Law Criminalizing Abortion is Unconstitutional, Top Court Rules

Activists stage a rally to call for abortion rights in Bangkok on Sep. 29, 2017. Photo: Kritaya Archavanitkul / Facebook
Activists stage a rally to call for abortion rights in Bangkok on Sep. 29, 2017. Photo: Kritaya Archavanitkul / Facebook

BANGKOK — Reproductive rights activists on Thursday welcomed a ruling by the Constitutional Court that struck down a decades-old ban on abortion, on the grounds that it contradicts the country’s highest law.

In a verdict handed down yesterday, the court said Article 301 of the Criminal Codes, which criminalizes abortions as well as holding the doctors who perform them liable to prosecution, is unconstitutional. The tribunal subsequently recommended that the law be amended accordingly.

The judges also upheld a separate legal clause that allows abortions under several circumstances. A family planning group said the ruling will likely help combat stigma associated with abortion, which drove dozens of women to their death through illegal operations each year.

“The ruling would guarantee reproductive rights of women, and reduce the number of unsafe abortions,” Planned Parenthood Association of Thailand president Surasak Taneepanichskul said. “If it becomes legalized, I think the society will start to talk more about it.”


He stressed that preventative measures, such as contraceptives and sex education, should still be promoted.

Under the law struck down by the Constitutional Court, a woman who performs abortion faces a prison term of three years, and a 6,000 baht fine. Others who assist in the procedure can also be jailed for five years and fined up to 14,000 baht.

Abortion and Liberty

Pro-abortion advocates have long campaigned against the provision, especially because it contradicts Article 305 of the Criminal Codes, which grants legal exemptions in the event of rape, sex trafficking and all girls under 15.

It also allows abortions if the pregnancy poses potential physical or mental harm to the mother, or if the fetus is found to have serious disabilities or genetic disorders.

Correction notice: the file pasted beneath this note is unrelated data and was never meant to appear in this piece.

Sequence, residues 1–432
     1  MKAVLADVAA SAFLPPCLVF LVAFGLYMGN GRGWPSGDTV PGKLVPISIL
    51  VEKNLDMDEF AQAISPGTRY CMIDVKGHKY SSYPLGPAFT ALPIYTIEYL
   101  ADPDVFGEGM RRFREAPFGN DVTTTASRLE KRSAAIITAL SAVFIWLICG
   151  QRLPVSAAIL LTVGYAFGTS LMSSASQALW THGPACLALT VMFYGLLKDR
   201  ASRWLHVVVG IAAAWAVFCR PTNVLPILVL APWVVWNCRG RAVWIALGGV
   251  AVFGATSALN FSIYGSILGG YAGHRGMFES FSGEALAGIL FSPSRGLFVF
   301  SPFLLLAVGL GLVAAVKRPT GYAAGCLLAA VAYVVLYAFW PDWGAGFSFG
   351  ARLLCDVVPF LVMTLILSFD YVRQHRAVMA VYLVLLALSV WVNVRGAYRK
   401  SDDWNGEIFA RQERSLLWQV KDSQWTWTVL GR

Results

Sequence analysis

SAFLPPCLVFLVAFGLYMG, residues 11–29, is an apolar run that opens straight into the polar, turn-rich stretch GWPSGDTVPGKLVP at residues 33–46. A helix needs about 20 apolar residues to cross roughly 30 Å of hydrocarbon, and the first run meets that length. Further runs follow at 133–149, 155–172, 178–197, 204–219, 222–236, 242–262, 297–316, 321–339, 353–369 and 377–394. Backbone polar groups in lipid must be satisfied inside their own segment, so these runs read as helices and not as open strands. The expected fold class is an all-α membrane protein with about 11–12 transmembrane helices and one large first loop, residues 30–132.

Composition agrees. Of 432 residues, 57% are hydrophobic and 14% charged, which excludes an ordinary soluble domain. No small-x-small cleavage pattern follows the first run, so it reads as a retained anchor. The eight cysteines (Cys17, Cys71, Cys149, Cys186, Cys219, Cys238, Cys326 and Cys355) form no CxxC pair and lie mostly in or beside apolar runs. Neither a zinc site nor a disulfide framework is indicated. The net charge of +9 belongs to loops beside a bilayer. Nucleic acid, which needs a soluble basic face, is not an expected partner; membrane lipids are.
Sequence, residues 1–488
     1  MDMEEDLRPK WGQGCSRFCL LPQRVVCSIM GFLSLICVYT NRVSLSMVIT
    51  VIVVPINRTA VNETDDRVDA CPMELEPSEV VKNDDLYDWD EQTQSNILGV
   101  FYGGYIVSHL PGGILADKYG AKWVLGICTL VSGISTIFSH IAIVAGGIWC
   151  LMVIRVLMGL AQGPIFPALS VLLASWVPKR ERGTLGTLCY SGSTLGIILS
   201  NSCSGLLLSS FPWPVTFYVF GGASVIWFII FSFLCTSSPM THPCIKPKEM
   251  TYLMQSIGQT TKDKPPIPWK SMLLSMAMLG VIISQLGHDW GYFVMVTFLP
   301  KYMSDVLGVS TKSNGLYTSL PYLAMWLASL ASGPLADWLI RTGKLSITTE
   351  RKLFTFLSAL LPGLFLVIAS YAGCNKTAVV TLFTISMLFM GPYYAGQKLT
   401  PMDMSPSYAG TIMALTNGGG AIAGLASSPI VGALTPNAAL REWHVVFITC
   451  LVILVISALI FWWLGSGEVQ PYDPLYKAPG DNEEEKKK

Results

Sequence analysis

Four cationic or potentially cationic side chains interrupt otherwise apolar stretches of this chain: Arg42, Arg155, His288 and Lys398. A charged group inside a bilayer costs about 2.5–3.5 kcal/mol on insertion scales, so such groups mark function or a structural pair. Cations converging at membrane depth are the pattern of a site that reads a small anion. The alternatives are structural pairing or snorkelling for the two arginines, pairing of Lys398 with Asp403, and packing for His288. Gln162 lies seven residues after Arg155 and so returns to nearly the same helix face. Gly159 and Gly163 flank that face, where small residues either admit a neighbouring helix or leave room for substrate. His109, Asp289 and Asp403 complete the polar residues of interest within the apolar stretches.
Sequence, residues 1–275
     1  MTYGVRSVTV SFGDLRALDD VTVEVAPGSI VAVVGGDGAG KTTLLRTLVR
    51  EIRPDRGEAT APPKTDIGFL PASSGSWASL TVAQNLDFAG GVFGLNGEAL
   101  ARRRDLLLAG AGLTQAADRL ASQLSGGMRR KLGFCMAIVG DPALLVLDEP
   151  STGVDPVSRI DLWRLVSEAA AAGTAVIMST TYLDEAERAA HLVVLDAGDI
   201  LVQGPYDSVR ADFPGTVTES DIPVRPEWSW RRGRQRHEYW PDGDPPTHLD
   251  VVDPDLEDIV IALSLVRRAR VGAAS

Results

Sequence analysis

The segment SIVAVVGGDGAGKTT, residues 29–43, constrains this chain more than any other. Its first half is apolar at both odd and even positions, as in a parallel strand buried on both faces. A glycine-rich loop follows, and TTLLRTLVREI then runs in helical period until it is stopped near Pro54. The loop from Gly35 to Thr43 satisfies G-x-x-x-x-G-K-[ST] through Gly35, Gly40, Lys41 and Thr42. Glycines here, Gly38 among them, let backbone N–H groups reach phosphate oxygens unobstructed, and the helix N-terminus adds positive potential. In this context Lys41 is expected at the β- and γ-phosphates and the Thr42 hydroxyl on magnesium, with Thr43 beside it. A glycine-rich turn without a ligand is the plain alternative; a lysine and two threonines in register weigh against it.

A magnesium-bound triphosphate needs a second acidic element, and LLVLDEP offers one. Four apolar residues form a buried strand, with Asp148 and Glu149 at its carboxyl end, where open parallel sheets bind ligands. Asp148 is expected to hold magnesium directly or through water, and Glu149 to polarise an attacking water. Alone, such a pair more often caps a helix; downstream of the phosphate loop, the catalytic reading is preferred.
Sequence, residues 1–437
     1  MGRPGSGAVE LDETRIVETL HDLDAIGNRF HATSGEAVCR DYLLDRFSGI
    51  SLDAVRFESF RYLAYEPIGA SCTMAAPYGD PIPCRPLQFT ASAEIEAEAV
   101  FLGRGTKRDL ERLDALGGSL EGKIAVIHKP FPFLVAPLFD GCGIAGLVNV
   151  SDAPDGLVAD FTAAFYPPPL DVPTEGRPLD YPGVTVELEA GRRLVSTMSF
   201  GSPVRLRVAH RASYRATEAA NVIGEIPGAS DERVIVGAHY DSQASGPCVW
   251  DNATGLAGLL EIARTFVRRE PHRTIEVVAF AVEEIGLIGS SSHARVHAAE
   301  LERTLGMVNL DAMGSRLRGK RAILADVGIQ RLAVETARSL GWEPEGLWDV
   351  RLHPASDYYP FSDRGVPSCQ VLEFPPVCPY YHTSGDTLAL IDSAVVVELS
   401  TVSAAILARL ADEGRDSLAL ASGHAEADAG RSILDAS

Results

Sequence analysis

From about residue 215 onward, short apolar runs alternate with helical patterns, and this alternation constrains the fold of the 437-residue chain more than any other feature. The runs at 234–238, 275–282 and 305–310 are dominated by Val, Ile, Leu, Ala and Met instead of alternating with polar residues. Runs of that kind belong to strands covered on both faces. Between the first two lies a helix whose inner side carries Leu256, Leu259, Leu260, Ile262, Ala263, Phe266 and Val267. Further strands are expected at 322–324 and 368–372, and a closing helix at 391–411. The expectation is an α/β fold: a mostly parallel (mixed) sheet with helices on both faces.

In its ruling delivered on Wednesday, the judges said the blanket criminalization of abortions under Article 301 contradict a constitutional clause that guarantees individual liberty and rights, while exceptions to abortion prescribed under Article 305 do not.

The verdict also implemented a 360-days grace period for relevant authorities to replace Article 301 with new legislation. Police will likely continue to charge individuals under the current abortion law in the meantime; police spokesman Kissana Phatanacharoen said he has not seen the ruling yet.

The complaint was brought forward in 2018 by physician and activist for women’s reproductive rights Srisamai Chuachart.

The plaintiff, who runs a clinic in Hua Hin, was charged with performing illegal abortions back in 2018, according to multiple media reports. She denied the allegations, saying that the procedure was authorized by the Department of Health.

Srisamai was performing a surgery and therefore unavailable for comment as of publication time.

Will the Verdict Change Anything?

Calls to legalize abortion are often met with resistance in the largely-conservative Thailand, and the practice is routinely stigmatized by the media and religious authorities.

Although some clinics and hospitals do provide abortions – at least 1,931 abortions were performed legally in 2019, according to data from the Department of Health – those working in the field said they prefer not to openly advertise or discuss it, due to fear of backlash from the society.

Surasak from the Planned Parenthood said he hopes Wednesday’s ruling will make the law clearer and lead to attempts to narrow down cases that can be considered as “a medical necessity.”

“The current law is unclear, so the Medical Council of Thailand has to decide which circumstances qualify for abortion,” Surasak said. “Therefore, the liability lies on the doctor.”

But the sec-gen of the Medical Council of Thailand declined to comment on the ruling, saying that he needs to see the full verdict first.


“We respect the court’s ruling and we will establish a committee to look into the details after we receive the full verdict,”  Ittaporn Kanacharoen said. “We have to see how the new legislation will turn out and then we can issue guidelines for medical practitioners.”

Ittaporn said the council recognized that abortion is a divisive issue within the medical field, but he said the safety of patients and medical ethics must always come first.

“We have to carry out our duties in accordance with the law, as well as considering the safety of patients, medical ethics, and current social values,” Ittaporn said. “We don’t judge people’s opinion. Our works are guided by medical principles.”